Carbon Capture and Storage is Viable, Task Force Reports
President Obama’s Interagency Task Force on Carbon Capture and Storage (CCS), co-chaired by the U.S. Environmental Protection Agency and the Department of Energy (DOE), delivered a series of recommendations to the president on Aug. 12 on overcoming the barriers to the widespread, cost-effective deployment of CCS within 10 years.
CCS is a group of technologies for capturing, compressing, transporting and permanently storing power plant and industrial source emissions of carbon dioxide. Rapid development and deployment of clean coal technologies, particularly CCS, will help position the United States as a leader in the global clean energy race. The report concludes that CCS can play an important role in domestic greenhouse gas (GHG) emissions reductions while preserving the option of using coal and other abundant domestic fossil energy resources.
The report’s main findings and recommendations include:
CCS is viable: There are no insurmountable technical, legal, institutional, or other barriers to the deployment of this technology.
A carbon price is critical: Widespread cost-effective deployment of CCS is best achieved with a carbon price, but there are market drivers and actions that can and are taking place now, which are essential to support near-term CCS demonstration projects that will pave the way for broader deployment after a carbon price is in place.
Federal coordination should be strengthened: With additional federal actions and coordination, the task force believes the United States can meet the president's near-term goal and get 5-10 commercial CCS demonstration projects online by 2016. The report recommends the creation of a standing federal agency roundtable and expert committee to facilitate that goal.
Recommendations on liability: The task force conducted an in-depth analysis of options to address concerns that long-term liability could be a barrier to CCS deployment. It concluded that open-ended federal indemnification is not a viable alternative but that four approaches merit further consideration: relying on existing frameworks, limits on claims, a trust fund, and transfer of liability to the federal government (with contingencies). Efforts to improve long-term liability and stewardship frameworks led by EPA, DOE and the Department of Justice (DOJ) will continue in order to provide evaluation and recommendations in these areas by late 2011.
Charting the path toward clean coal is essential to achieving the administration’s clean energy goals, supporting American jobs and reducing emissions of carbon pollution. Already, the United States has made the largest government investment in CCS than any nation in history, and these investments are being matched by private capital. DOE is currently pursuing multiple demonstration projects using close to $4 billion in federal funds, matched by more than $7 billion in private investments, which will begin to pave the way for widespread deployment of advanced CCS technologies within a decade. Ongoing EPA efforts will clarify the existing regulatory framework by developing requirements tailored for CCS, which will reduce uncertainty for early projects and help to ensure safe and effective deployment.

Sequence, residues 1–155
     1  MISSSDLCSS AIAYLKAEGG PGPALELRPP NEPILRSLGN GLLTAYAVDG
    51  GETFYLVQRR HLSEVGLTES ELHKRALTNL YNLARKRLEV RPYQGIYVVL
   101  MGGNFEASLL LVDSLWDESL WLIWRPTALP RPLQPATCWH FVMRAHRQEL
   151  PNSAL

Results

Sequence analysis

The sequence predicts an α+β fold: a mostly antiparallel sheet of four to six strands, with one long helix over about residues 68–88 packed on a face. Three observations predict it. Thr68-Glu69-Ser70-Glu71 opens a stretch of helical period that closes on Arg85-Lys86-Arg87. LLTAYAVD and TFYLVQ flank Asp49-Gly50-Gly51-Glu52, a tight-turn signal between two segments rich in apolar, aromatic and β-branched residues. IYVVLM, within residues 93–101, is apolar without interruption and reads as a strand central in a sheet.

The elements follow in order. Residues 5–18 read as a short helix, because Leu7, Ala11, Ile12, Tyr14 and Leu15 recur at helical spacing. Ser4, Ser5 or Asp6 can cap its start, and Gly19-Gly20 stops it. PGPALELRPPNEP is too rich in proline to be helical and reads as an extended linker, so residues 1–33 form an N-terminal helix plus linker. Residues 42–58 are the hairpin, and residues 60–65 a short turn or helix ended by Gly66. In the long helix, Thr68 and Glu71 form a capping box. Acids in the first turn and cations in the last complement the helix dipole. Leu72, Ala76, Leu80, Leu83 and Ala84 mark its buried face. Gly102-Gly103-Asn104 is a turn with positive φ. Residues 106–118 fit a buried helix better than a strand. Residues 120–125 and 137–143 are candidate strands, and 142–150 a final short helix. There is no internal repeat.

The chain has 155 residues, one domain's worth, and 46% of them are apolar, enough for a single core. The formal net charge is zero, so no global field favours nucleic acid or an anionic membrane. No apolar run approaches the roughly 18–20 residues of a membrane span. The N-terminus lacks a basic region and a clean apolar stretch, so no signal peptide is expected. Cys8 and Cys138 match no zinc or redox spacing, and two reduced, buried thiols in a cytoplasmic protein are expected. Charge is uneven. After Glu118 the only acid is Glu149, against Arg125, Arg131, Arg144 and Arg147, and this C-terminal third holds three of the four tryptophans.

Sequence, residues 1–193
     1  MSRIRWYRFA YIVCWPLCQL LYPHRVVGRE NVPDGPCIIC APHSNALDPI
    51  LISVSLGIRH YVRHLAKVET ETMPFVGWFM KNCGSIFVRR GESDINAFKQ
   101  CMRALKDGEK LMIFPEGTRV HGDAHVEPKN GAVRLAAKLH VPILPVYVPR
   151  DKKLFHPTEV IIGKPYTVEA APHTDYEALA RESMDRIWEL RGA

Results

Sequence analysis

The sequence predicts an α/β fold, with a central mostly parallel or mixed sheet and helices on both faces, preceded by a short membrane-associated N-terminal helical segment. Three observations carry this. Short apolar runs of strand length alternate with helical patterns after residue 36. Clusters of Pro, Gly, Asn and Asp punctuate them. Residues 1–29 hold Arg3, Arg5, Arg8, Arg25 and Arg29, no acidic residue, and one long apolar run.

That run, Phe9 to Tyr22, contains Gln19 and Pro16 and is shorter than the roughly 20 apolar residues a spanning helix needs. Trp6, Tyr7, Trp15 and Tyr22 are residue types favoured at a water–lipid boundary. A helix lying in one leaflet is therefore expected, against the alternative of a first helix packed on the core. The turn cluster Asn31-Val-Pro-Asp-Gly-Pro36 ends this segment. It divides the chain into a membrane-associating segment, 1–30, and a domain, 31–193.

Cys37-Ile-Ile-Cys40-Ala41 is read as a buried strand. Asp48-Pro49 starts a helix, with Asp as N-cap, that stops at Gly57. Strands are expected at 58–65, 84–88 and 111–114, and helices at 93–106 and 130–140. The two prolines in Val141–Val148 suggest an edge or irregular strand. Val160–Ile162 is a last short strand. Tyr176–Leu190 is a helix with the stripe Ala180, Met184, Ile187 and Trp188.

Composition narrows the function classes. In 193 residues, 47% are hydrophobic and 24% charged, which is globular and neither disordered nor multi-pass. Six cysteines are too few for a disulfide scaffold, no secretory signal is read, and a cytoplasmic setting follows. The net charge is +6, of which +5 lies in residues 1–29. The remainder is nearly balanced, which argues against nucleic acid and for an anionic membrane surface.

EPA Administrator Lisa P. Jackson said: "Consistent with these recommendations, EPA is proactively developing regulations tailored to carbon storage technology that will reduce uncertainty for early projects and help to ensure safe and effective use of the technology. By encouraging efforts to develop clean coal technology, we will obtain new tools to reduce greenhouse gas emissions, create jobs, and make our nation more competitive in the global race for clean energy technology."
“A diversified energy portfolio, which includes coal, is important for a strong 21st century American economy,” said Nancy Sutley, chair of the White House Council on Environmental Quality. “These recommendations move us toward bringing safe and deployable CCS technologies to the marketplace to help us meet the goal of reducing harmful carbon emissions while continuing to use this energy source.”
The report reflects input from 14 federal agencies and departments as well as hundreds of stakeholders and CCS experts. It addresses the incentives for CCS adoption and any financial, economic, technological, legal, institutional, or other barriers to deployment. The task force also considered how best to coordinate existing federal authorities and programs, as well as identify areas where additional federal authority may be necessary.
Additional recommendations include setting up an effort by DOE and EPA – in consultation with other agencies – to track regulatory implementation for early commercial CCS demonstration projects and consider whether additional statutory revisions are needed. The report also encourages leveraging existing efforts among federal agencies, states, industry, and NGOs to gather information and evaluate potential key concerns about CCS in different areas of the United States and develop a comprehensive outreach strategy that would include a broad plan for public outreach targeted at the general public and decision makers; and a “more focused engagement with communities that are candidates for CCS projects, to address such issues as environmental justice.”